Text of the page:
1. Cell division

    1. Cell cycle

    2. Events in Mitosis

      1. Prophase

      2. Metaphase

      3. Anaphase

      4. Telophase

      5. Cytokinesis

  2. Meiosis

    1. Importance

      1. Provides a mechanism of mixing so as to obtain one haploid genome from each parent.

      2. Production of gametes and their specialization

    2. Events

      1. Prophase I

        1. Leptotene (condensation)

        2. Zygotene (pairing) synapsis; the formation of the synaptomenal complex

        3. Pachytene (recombination), rDNA amplification, histone synthesis, LONG

        4. Diplotene (synthesis) - chiasmata (attachments) form, mRNA rRNA, LONG

        5. Diakinesis (recondensation)

      2. Reductional division .

      3. Equational division.

      4. Nondisjunction.

  3. Mutations affecting these processes

  4. Sex linkage

    1. Some genes segregate according to the sex of the organism

    2. The pattern of sex determination depends on the organism

      1. Flies and people XX vs XY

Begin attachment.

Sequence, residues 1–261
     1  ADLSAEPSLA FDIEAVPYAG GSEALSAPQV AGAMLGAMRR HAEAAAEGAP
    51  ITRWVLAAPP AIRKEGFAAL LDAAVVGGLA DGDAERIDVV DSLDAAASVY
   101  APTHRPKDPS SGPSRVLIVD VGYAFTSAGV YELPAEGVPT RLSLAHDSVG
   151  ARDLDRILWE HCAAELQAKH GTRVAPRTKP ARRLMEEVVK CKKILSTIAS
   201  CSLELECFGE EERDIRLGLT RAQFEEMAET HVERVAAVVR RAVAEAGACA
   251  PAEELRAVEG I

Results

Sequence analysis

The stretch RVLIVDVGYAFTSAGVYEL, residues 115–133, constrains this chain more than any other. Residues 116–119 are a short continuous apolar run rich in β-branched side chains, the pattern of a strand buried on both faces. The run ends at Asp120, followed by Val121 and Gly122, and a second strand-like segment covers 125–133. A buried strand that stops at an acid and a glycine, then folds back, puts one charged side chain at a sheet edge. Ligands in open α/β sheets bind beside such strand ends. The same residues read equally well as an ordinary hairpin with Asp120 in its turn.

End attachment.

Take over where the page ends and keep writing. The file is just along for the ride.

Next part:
2. Worms XX vs XO

      3. Moths and birds ZW vs ZZ

    3. The difference can be through homogametic and heterogametic individuals or through dosage.

  5. Bridges used nondisjunction to draw the most convincing link between genes and the chromosomes

    1. Obtained rare red eyed sterile males (w+) or white-eyed females (wwY)

    2. Confirmation of genotype by histology

    3. Further testing of exceptional females which were mated to w+Y males

    4. Conclusions

      1. Chromosomes are the repository of genetic information

      2. At least one X chromosome is essential

      3. In Drosophila the Y chromosome is essential only for male fertility

      4. In Drosophila being tripleX is lethal.

  6. Consequences of having sex chromosomes signal sexual differentiation.

    1. Genetically they lead to a different type of expression (criss-cross)

    2. Developmentally the chromosomes need not be the repository of sex determining genes (although they may: compare the human Y to the Drosophila Y). Rather the chromosomes serve as a signal.

    3. Because the chromosomes are the signal, individuals of one sex and only one copy of a gene while the other has two.

    4. Therefore, a mechanism must exist to compensate for this dosage difference. In fact several mechanisms exist

  7. Nondisjunction can occur with non-sex chromosomes. These produce aneuploid individuals

    1. Types of changes

      1. Nullisomic

      2. Monosomic

      3. Trisomic